Several local people are out hundreds of dollars thanks to a recent cold call scam involving non-existent computer viruses.
Recently, local computer technician, Michael Prunner of MP Computer Services reported several incidents to the local police involving clients who had received calls.
In fact, Constable Peter Robertson, Media Relations Officer for the SD&G OPP, said this will be Crime Stoppers “Crime of the Week.”
Prunner said the people calling most often say they are from Microsoft and “they tell you that you have a serious problem with your Windows. One even told the customer that their Windows had expired.”
Here is an example of a typical cold call: “Hello, I’m calling on behalf of Microsoft Support Team. Your computer is sending error messages to us, which tells us that you have viruses and some corrupted files. I can help you fix that now.”
“They sit you down in front of your computer telling you that you have bad stuff on your computer and they need to work on it. Basically, they use all free cleaners and they charge you 10 times more than it’s worth,” informed Prunner.
According to Royal Canadian Mounted Police Inspector Kerry Petryshyn, this is what is called “deceptive marketing.”
What this means is that the person calling is from a “legitimate” company of sorts, but has nefarious intentions in terms of charging you for something you could have gotten for free, charging you for something you don’t need, or charging you much more than necessary for something that may or may not be useful.
The best option for dealing with this sort of scammer is to contact the Competition Bureau of Canada. Petryshyn said, “they deal with companies that are deceiving clients.”
As with other “viruses,” the “computer scam virus” has many different strains. Petryshyn said, “there’s a few potential possibilities that can occur as there’s a variety of anti-virus scams coming out.”
According to a release from the Canadian Anti Fraud Centre (CAFC), “the virus scam has grown to epidemic proportions in Canada, now accounting for between 70 and 80 per cent of frauds reported daily to the Canadian Anti Fraud Centre.”
“This dramatic increase means the scam is working – more and more Canadians are being targeted by the virus scam.”
“Allowing a third party to download software or remotely access your computer carries a number of serious risks.”
“Malicious software can be installed to capture sensitive data such as your online banking user names and passwords, bank account information and your personal identity information.”
“Your computer can also be converted to a bot-net, which means criminals can use it without your knowledge or participation. It can then be used to spam other people, spread viruses to your friends or overload computer networks.”
“Getting your credit card information is the second important part of the virus scam. Once a criminal has that information it can be used to make purchases without your consent.”
The CAFC also warns that “not all virus scams are conducted over the phone. Many CAFC callers report being scammed after responding to internet pop-up ads for anti-virus software.”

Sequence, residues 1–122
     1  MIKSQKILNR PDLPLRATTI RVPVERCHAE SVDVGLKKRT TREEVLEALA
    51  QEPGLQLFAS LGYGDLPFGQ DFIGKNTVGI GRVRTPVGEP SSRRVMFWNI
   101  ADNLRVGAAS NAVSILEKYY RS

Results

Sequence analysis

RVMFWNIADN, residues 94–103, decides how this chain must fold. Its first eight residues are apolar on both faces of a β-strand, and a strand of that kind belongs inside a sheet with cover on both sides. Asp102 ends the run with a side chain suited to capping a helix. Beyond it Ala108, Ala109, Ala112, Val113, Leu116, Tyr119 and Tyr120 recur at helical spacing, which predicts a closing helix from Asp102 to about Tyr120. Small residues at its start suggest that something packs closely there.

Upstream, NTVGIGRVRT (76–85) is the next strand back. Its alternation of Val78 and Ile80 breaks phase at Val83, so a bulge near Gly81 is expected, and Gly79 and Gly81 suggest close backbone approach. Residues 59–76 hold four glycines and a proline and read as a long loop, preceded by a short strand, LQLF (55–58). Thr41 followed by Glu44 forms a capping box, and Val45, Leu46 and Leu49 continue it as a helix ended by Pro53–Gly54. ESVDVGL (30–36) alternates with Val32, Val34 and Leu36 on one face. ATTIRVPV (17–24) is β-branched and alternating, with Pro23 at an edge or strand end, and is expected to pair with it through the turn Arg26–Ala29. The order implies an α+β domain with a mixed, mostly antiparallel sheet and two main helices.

As for Microsoft, they do not cold call customers. An employee of Microsoft Ottawa pointed out that it would be almost impossible to do so because of the immense number of users all over the world.
For those who may have already given a scammer access to their computer, Petryshyn has some advice: “If you think somebody’s had access to your computer, I wouldn’t be going back on the Internet until I’ve gotten the problem solved. It’s like opening the door again.”
He advised that anti-virus and anti-spy programs do not check for peer-to-peer applications. For this, “you may need a technician to check your system.”
Peer-to-peer applications are those that give someone else remote access to your computer and files.
Petryshyn uses a house metaphor to explain the situation more clearly: allowing someone to install peer-to-peer software, giving them remote access to your computer, is basically the same as giving “the bad guy” a key to your back door. They can come in whenever they like, invited or not.
As for credit cards, Petryshyn advises checking with your bank or credit card company right away.
For questions, or to report a scam incident, contact the Canadian Anti Fraud Centre via email at email@example.com or via the telephone at 1-888-495-8501.
During a tragic situation along the St. Lawrence River near Cardinal that claimed the life of a diver, those on hand trying to help encountered difficulties with reaching the proper emergency services.
While some locals may be aware that occasionally their mobile phone calls are picked up by powerful towers on the American side of the border, those who do not live here, especially tourists enjoying the river, may not be aware of the issue.
Generally, the result is being billed for expensive and unexpected roaming charges, but in an emergency situation the impact is much greater.
“We rely on 911 for help in an emergency and we pay for it on our phone bills, but in reality, when we are near the St. Lawrence River, in some places the only reliable access to 911 is a land line,” noted Hugh Hamilton of South Mountain.
Hamilton, after the recent diving accident at Cardinal, has been doing what he can to make as many people, including local politicians aware of this serious and important issue.